The Australian Academy of Science’s Shine Dome and its custom-designed furniture were created to reflect the inquiring and innovative nature of science. The dome and its walls are perched on 16 supports and dive down below its moat, giving the impression that it is floating. It came about because the Australian Academy of Science needed a home. The Dome was completed in 1959 and named Becker House after Sir Jack Ellerton Becker (1904-79), a major donor. The foundation stone was laid by (Sir) Robert Menzies in 1958, and the finished building by the Governor-General, Sir William Slim, in 1959. It was completely restored in 2000.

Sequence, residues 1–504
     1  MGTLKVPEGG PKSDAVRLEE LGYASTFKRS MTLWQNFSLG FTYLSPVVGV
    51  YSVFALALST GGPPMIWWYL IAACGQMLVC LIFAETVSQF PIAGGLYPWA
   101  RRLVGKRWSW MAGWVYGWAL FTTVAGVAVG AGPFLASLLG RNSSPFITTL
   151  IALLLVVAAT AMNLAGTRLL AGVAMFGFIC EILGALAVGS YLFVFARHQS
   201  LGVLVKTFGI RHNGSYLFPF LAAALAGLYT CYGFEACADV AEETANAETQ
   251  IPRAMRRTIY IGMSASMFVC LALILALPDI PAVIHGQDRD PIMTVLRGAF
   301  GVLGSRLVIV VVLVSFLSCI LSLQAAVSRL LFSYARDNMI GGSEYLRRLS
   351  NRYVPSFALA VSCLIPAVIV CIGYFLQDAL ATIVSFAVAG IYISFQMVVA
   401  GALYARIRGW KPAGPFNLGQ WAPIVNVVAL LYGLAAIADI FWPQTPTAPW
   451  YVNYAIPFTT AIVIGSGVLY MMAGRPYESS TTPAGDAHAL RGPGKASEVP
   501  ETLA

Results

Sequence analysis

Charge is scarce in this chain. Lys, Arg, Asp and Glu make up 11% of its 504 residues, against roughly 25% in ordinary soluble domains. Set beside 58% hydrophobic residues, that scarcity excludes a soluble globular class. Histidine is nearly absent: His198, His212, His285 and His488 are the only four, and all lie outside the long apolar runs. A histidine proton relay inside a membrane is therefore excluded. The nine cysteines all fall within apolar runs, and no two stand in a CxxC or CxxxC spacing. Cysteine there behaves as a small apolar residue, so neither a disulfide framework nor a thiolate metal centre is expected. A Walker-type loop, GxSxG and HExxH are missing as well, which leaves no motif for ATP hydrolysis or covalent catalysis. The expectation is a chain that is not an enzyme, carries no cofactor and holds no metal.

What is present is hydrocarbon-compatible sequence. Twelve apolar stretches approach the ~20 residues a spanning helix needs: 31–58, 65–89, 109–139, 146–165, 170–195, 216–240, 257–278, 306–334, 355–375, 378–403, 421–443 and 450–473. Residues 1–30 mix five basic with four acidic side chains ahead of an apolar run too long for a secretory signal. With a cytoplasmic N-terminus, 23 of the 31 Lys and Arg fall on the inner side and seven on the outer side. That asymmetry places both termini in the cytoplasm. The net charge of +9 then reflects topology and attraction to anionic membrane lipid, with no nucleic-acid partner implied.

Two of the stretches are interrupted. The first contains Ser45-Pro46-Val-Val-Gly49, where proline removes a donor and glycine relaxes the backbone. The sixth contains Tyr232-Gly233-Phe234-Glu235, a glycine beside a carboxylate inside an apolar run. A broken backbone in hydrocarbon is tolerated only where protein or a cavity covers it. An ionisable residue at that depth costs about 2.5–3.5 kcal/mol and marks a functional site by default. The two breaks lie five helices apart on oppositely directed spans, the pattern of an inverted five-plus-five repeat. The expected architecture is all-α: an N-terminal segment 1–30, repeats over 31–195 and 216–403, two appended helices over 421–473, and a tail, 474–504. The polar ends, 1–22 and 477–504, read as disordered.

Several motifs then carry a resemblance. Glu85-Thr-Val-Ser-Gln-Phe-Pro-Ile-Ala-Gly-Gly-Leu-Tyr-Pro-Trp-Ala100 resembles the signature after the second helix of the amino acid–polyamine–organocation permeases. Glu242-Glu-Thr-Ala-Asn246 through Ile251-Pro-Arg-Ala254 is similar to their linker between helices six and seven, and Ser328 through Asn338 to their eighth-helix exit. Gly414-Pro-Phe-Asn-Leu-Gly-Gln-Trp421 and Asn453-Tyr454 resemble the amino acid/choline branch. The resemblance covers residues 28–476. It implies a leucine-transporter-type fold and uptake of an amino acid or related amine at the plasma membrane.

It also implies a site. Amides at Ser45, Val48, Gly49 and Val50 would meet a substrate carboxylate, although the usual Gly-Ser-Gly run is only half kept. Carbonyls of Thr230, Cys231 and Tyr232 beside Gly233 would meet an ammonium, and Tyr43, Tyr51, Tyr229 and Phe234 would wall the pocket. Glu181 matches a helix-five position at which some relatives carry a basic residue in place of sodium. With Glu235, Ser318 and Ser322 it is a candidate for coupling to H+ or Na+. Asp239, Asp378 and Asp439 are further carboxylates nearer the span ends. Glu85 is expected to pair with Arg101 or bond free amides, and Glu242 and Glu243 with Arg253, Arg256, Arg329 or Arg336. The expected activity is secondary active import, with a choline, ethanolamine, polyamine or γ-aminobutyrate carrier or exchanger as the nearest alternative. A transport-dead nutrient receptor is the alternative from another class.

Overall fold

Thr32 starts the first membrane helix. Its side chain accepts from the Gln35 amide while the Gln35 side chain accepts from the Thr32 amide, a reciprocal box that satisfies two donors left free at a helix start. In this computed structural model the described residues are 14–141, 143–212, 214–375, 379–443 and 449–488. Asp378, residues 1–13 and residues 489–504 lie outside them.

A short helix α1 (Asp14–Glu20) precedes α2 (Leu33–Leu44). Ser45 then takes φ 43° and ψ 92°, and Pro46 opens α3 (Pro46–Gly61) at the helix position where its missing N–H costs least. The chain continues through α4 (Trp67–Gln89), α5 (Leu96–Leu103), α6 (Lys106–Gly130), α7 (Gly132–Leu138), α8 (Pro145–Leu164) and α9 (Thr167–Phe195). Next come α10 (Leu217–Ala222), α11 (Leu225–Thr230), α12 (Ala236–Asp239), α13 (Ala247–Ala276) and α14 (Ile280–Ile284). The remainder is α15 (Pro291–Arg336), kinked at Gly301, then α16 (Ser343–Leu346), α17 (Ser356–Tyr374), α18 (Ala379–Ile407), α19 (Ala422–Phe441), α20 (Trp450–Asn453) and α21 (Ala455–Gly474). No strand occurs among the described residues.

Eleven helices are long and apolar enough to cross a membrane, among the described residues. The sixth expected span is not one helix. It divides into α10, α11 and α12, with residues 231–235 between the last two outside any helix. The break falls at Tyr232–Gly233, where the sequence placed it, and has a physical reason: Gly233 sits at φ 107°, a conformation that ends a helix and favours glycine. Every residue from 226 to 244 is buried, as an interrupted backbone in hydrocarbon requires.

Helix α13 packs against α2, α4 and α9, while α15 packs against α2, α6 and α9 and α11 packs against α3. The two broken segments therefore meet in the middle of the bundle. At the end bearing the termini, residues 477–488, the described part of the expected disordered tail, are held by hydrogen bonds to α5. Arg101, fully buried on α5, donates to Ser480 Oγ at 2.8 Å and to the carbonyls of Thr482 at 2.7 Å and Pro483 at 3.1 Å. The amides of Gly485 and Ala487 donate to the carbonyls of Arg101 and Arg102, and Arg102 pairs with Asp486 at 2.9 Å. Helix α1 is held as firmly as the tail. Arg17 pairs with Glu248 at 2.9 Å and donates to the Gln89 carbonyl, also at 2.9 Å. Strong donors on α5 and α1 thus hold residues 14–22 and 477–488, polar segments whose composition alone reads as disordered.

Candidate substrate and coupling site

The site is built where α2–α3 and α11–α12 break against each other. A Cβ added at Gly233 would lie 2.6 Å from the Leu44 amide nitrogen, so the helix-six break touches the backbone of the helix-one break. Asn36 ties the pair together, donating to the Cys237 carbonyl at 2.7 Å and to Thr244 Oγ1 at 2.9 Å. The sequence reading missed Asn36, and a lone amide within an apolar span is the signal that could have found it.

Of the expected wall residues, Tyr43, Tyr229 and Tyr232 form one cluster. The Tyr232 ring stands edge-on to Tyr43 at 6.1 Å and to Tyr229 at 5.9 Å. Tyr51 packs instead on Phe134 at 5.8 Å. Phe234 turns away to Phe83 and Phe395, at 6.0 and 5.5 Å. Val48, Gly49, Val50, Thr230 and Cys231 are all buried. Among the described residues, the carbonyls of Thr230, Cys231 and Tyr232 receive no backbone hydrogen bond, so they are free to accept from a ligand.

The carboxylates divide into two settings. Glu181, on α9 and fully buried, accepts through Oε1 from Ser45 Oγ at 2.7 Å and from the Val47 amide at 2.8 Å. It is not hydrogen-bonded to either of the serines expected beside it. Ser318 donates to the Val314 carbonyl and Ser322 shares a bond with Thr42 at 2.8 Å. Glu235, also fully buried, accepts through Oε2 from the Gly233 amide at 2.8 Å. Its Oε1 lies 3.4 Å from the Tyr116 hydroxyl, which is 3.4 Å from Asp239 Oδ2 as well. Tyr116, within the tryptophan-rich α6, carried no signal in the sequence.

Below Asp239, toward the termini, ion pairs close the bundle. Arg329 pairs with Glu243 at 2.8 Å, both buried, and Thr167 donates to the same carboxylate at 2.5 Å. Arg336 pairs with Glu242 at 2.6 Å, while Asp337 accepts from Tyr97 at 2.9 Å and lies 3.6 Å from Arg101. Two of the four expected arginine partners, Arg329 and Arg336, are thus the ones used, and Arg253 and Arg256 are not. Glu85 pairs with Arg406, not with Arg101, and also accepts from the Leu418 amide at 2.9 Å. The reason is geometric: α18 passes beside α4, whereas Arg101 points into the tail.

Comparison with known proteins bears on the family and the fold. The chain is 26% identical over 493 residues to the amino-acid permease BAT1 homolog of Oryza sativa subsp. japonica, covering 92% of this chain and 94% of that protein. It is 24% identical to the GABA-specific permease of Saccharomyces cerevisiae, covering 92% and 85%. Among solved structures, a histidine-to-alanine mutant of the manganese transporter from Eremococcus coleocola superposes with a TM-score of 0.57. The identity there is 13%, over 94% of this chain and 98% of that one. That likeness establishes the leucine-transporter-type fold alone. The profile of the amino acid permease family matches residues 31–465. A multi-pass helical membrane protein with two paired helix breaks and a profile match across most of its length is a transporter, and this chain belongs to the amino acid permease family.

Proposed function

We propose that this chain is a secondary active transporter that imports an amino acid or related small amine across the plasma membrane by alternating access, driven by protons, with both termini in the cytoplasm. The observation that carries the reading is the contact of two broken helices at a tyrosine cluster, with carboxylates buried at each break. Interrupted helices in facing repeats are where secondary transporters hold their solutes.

It was the first Canberra building to be added to the National Heritage List for its historical and architectural significance (in 2005). A Canberra landmark since its construction, the Shine Dome has received numerous awards and is one of seven projects the Royal Australian Institute of Architects has nominated to the World Register of Significant Twentieth Century Architecture. While the exterior of this iconic building is easily accessible, currently the only way to experience the Shine Dome interior is to attend one of the talks in the Australian Academy of Science’s Public Speaker Series. The Shine Dome can be hired out for events.
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